“We see the violence now, the riots, the burning, and we think ‘Ach, it is destroying us,” Gretchen Dankl continued. “But no, this is not the case. It is not the violence. It is the peace, the too-much peace that came before. We were already destroyed – inside, you know – before the rioting began. You see, where there is no spirit, there is only flesh. Where there is only flesh, there is nothing but pleasure and pain. Where there is nothing but pleasure and pain, who would choose pain? Who would choose conflict? Who would not choose peace?”
“Well, peace…peace is always a good thing,” said Zach because he thought he ought to say something, even though he hadn’t the slightest clue what they were talking about.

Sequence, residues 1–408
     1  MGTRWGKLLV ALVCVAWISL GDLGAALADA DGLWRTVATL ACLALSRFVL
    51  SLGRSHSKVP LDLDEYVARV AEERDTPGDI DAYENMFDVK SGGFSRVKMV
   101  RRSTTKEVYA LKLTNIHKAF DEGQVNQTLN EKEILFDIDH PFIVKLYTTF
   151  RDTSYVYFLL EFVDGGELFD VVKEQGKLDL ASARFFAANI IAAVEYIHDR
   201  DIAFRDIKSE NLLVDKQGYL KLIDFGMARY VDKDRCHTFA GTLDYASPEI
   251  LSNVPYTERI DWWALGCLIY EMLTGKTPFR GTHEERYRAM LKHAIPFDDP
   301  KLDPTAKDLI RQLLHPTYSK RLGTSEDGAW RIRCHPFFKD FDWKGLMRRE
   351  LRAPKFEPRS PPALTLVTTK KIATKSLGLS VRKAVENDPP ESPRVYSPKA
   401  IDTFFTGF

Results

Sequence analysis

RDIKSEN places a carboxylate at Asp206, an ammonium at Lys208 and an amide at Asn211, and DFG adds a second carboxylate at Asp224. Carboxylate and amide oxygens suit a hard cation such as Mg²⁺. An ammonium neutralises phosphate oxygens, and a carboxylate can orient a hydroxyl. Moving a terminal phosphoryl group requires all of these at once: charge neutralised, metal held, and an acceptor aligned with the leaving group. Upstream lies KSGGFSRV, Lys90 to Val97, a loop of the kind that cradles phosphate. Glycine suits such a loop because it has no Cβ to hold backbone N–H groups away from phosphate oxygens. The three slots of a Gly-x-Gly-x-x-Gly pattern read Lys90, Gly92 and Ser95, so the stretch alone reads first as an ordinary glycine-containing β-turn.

She gave what seemed to Zach a Germanic shrug. “Peace would be wonderful, the most wonderful thing,” she said, “if only there was no God. Then there would be no good or evil, nothing to fight over. But there is, you see. There is good and there is evil. And if you will not fight for the good, if you will not suffer for the good, if you will not accept pain even unto the pain of your own damnation for the good, then there is only evil. This is what Dominic Abend understands. This is how he has triumphed over us.”
Andrew Klavan, Werewolf Cop
Dankl is one messed-up woman, but she manages to nail it on the head…mostly. The suggestion that you should be willing to suffer your own damnation for the good is just absurd. It’s one thing to lay down your life for what’s right, but the use of “damnation” implies doing evil for the sake of good. Two wrongs do not make a right. But aside from that, I think it’s pretty obvious we see this reasoning in alot of problems nowadays. Peace is a good thing, but not when it comes at the expense of what’s right.